Possible outcomes

``````data Fruits = Apple | Banana | Pear | Cherry deriving (Eq, Show)
data Ncolour = Numeric Int | Red | Yellow | Green | Red deriving (Eq, Show)
``````

The numeric int should be from 1 to 10.

I want to write a function that returns a list of all possible outcomes of the data shown above and I don’t know how to do it? I have tried many times but still couldn’t figure it out…

D23

What is an outcome? What have you tried?

Do you want the cartesian product between `Fruits` and `Ncolour`? What’s the purpose of `Numeric Int` here?

For example:
[(Numeric 2) Apple] [(Numeric 2) Banana]
[(Numeric 2) Pear] [(Numeric 2) Cherry]
[Red Apple] and so on… All possible combinations.

Okay. You can pair it manually through recursion if you prefer. But you could also use list comprehensions, or some lifting.

In any of the approaches, you can pair them together with tuples, rather than a list since it seems like you only want a fixed amount of elements with varying types `Fruit` and `Ncolour`. Normally, lists in Haskell are homogeneous so you can’t have an element that’s a `Fruit`, and another element that’s an `Ncolour`.

i.e You can’t (normally) do `[Numeric 2, Apple]`, but you can do `(Numeric 2, Apple)`.

List comprehension

List comprehensions gets you the cartesian product, which is what you’re looking for. (You can read more about list comprehensions here).

``````fruitColorPairsLC :: [(Ncolour, Fruit)]
fruitColorPairsLC =
[(nColour, fruit) |
nColour <- [Numeric 2, Red, Yellow, Green],
fruit <- [Apple, Banana, Pear, Cherry] ]
``````

Lifting

If you want to explore the concept of functors and applicatives, using both can also give you the same result. This one is really cool, but do this when you’re more comfortable with recursion and whatnot.

``````fruitColorPairsLift :: [(Fruit, Ncolour)]
fruitColorPairsLift =
liftA2 (,)
[Numeric 2, Red, Yellow, Green]
[Apple, Banana, Pear, Cherry]
``````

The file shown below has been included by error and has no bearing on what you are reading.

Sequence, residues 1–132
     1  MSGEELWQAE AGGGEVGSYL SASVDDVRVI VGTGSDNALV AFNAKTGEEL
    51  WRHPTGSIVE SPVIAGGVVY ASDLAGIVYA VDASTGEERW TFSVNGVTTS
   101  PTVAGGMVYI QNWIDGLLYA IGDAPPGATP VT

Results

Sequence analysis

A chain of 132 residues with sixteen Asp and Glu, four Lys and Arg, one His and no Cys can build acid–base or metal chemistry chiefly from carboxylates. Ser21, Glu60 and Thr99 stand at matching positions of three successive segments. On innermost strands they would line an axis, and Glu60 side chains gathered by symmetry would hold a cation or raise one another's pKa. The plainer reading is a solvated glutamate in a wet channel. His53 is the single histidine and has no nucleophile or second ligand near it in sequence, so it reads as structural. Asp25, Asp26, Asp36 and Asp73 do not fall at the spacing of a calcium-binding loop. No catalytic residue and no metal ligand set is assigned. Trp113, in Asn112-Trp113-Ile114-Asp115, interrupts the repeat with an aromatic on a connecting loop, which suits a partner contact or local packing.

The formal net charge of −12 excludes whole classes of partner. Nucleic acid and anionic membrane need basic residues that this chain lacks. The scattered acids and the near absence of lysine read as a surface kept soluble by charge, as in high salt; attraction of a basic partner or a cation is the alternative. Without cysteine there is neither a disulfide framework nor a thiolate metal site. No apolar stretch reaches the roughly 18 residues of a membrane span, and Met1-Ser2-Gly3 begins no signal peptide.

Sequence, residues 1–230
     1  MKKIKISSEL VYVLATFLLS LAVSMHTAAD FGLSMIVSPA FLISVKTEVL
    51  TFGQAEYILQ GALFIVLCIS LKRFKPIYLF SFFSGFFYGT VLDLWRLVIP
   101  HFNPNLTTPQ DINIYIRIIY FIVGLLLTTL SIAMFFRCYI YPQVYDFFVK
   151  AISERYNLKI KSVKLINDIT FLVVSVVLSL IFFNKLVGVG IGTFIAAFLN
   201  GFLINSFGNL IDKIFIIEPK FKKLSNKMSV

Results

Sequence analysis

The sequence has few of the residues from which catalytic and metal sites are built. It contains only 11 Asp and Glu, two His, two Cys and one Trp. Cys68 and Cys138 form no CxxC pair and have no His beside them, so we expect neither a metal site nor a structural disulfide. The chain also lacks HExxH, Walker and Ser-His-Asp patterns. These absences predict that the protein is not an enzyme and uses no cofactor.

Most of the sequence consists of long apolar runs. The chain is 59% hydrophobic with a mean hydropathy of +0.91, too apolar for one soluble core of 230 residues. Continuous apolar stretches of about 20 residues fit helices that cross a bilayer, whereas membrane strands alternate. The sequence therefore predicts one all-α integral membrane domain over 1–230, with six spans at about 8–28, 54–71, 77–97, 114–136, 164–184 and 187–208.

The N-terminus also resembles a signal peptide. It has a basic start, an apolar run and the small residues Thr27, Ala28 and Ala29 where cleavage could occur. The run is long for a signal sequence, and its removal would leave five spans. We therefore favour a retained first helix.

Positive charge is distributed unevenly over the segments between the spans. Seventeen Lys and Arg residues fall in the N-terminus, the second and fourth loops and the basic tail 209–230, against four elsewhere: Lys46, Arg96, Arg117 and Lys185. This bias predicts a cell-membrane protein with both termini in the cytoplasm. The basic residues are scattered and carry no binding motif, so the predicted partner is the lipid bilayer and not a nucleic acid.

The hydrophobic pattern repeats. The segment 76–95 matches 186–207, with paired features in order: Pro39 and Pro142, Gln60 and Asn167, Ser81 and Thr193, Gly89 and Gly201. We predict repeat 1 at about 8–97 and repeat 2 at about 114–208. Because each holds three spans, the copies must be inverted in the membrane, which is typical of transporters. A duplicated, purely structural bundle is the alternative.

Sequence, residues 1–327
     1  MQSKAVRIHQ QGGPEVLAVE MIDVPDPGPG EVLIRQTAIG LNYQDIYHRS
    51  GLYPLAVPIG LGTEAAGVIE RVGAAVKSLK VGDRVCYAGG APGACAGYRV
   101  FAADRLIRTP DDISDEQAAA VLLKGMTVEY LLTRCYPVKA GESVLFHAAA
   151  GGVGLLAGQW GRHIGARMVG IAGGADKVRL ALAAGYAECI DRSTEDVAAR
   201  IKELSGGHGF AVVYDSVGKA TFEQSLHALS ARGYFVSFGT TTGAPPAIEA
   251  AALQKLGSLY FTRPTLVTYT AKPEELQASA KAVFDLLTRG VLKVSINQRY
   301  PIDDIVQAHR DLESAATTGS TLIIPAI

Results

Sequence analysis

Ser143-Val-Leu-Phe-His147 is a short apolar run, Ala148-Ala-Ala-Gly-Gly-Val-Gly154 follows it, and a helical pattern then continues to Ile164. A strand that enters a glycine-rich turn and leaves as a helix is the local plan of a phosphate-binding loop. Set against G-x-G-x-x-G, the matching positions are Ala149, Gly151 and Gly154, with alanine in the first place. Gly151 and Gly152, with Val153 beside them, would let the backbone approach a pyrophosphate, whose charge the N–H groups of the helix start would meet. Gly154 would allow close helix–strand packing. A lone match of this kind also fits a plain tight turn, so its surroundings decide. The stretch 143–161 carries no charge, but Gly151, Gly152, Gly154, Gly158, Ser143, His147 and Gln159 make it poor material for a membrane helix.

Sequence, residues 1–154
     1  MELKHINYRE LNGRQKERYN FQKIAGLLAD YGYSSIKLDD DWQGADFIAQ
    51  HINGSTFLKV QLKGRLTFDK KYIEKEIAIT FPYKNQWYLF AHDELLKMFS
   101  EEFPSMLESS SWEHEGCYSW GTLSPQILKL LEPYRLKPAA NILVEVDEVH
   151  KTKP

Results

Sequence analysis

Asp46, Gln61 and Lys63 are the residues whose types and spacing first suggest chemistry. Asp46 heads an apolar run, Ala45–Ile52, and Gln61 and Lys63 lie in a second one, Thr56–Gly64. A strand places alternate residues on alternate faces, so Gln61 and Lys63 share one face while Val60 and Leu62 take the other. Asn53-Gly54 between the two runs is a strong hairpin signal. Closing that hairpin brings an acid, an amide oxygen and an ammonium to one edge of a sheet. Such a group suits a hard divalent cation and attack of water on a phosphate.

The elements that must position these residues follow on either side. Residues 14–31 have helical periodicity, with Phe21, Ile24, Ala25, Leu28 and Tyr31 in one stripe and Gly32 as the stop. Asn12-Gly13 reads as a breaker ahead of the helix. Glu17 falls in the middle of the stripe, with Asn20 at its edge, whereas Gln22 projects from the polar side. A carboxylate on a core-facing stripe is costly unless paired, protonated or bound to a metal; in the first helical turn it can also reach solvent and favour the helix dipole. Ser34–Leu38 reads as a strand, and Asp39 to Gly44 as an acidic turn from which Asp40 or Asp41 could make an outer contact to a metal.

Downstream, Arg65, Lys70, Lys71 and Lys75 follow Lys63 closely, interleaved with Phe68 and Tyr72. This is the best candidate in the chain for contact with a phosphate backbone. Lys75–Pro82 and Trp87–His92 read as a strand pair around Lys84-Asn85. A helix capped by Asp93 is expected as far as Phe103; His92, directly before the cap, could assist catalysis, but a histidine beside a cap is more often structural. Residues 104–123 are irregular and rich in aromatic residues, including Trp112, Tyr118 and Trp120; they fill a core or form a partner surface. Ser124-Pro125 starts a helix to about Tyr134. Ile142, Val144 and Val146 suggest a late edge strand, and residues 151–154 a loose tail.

or this is equivalent to

``````fruitColorPairsLift :: [(Ncolour, Fruit)]
fruitColorPairsLift =
(,) <\$> [Numeric 2, Red, Yellow, Green] <*> [Apple, Banana, Pear, Cherry]
``````

This lifts the binary function `(,)` to work with a list context. It’s a lot to get into so some helpful resources, when you choose to study these type classes, are:

Either approach gives you

``````[(Numeric 2,Apple),(Numeric 2,Banana),(Numeric 2,Pear),(Numeric 2,Cherry),(Red,Apple),(Red,Banana),(Red,Pear),(Red,Cherry),(Yellow,Apple),(Yellow,Banana),(Yellow,Pear),(Yellow,Cherry),(Green,Apple),(Green,Banana),(Green,Pear),(Green,Cherry)]
``````

But if i want that the integer varies from 1 to 10 how do I do it?

I did this and it works… But i feel like it can be done in another more easier way.

data Out = Out Ncolour Fruits deriving (Eq, Show)

ncolour :: Out -> Ncolour
ncolour (Out n _) = n

fruits :: Out -> Fruits
fruits (Out _ f) = f

type shoow = [Out]

combinations:: Shoow
combinations = [Out n f | n <- [Numeric 2, Numeric 3,Numeric 4,Numeric 5,Numeric 6,Numeric 7,Numeric 8,Numeric 9, Numeric 10, Red, Yellow, Green, Red], f <- [Apple, Banana, Pear, Cherry]]

You can generate a list and append the rest of the colors!

``````fruitColorPairsLC =
[(colour, fruit) |
colour <- nColours ++ [Red, Yellow, Green],
fruit <- [Apple, Banana, Pear, Cherry] ]
where nColours =
[Numeric n | n <- [1..10]]
``````

There is a cost to appending lists though since it traverses the entire first list to append the second. But for 1-10 it should be fine.

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``````data Fruit = Apple | Banana | Pear | Cherry deriving (Eq, Show, Enum)
data Ncolour = Numeric Int | Red | Yellow | Green deriving (Eq, Show)

// A smart constructor for all valid colors
allColours :: [Ncolour]
allColours = map Numeric [1..10] ++ [Red, Yellow, Green]

allFruits :: [Fruit]
allFruits = [Apple .. Cherry]

allCombinations :: [(Fruit, Ncolour)]
allCombinations = (,) <\$> allFruits <*> allColours
``````
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